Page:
Sir Jim Ratcliffe, one of Britain’s richest men and a vociferous supporter of Brexit, has done a U-turn and decided to build his new Ineos Grenadier 4x4 vehicle in France, rather than Wales.
The decision has come as a hammer blow to the town of Bridgend, which hoped Ineos would employ hundreds of workers who were laid off when Ford closed its factory in the town in September.
Of course, we understand there will be disappointment in the UK, but the business case for Hambach was overwhelming.— INEOS Grenadier (@INEOSGrenadier) December 8, 2020
Local Labour MP Chris Elmore said it was "hard to swallow" and he lambasted the tycoon, who lives in tax exile in Monaco: "Jim Ratcliffe is a clear supporter of Brexit. Today we can see that his claims are as empty as his promises."
The British trade union Unite called it "treason" and many social media users hurled insults at Ratcliffe.
When Ratcliffe announced plans for the Grenadier in 2017 he told The Sun: “Our preference is to build it in the UK. We’d like to retain the Britishness and have a bit of passion about UK manufacturing. We believe that Britain can produce something as reliable as Germany or Japan if we do it well.”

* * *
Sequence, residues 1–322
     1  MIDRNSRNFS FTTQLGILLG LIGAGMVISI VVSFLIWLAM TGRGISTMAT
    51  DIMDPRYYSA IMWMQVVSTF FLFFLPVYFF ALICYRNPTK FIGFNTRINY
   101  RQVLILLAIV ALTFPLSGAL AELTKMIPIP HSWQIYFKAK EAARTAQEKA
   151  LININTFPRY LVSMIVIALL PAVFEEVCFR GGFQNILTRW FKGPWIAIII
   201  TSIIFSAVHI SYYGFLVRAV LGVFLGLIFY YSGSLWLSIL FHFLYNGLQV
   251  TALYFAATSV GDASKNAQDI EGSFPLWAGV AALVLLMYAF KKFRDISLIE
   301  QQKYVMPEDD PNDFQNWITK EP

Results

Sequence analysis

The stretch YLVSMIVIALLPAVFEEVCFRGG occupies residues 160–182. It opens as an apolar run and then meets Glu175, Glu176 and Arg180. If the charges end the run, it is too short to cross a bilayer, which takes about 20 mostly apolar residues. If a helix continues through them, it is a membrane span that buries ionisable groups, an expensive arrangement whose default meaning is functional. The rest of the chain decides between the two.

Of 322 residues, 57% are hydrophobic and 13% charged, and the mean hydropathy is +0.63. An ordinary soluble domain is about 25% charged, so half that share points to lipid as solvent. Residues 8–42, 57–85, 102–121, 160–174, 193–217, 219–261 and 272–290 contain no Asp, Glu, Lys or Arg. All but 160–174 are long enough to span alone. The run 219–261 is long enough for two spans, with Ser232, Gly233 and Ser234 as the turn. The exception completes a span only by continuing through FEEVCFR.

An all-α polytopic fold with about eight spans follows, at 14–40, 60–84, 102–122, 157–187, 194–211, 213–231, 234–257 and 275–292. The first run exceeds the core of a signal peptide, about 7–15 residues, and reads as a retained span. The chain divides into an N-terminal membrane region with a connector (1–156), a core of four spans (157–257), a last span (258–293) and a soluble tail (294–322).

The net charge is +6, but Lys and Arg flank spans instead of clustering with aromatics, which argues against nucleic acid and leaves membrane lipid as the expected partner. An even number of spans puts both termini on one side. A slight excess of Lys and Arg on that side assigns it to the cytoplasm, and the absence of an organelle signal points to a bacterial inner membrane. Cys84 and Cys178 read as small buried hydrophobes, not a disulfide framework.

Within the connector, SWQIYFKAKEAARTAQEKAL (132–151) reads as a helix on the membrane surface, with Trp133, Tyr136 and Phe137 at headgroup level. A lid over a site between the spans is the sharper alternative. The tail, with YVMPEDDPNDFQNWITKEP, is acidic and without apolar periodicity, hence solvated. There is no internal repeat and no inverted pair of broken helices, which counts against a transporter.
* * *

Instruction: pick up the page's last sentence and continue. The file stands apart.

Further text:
Yikes I don't think you should say 'highly skilled automotive workforce' to a group of disappointed/angry people from Bridgend/UK— World-beating at EVERYTHING (@Superma96851725) December 9, 2020
The Grenadier is designed to fill a gap in the market left when Jaguar Land Rover decided in 2016 to discontinue production of its Defender off-roader, which was popular with British farmers and with those trying to tackle treacherous roads in Africa.
Ineos tweeted: "Building the vehicle in the United Kingdom has always been our intention…We understand the disappointment. But the Hambach case was an opportunity that was impossible not to seize.”
Unfortunately when ideology meets economics the latter wins. Bad news for UK plc with or without a trade deal.— Robert Neill (@RobertNeill) December 9, 2020
The 1,300 workers at Hambach will switch over to working for Ineos.
Ratcliffe, who dreamt up the project in the Grenadier pub near Buckingham Palace, said: "We simply could not ignore the unique opportunity offered by Hambach, namely the purchase of a modern automotive production plant with an exceptional workforce.”
France's industry minister Agnes Pannier-Runacher welcomed the news as an "important step that will enable industrial activity in Hambach to be sustained."
Ratcliffe, 68, has an estimated fortune of £21 billion but, having praised Brexit and said he believed things should be "made in Britain" he moved to Monaco to avoid paying tax.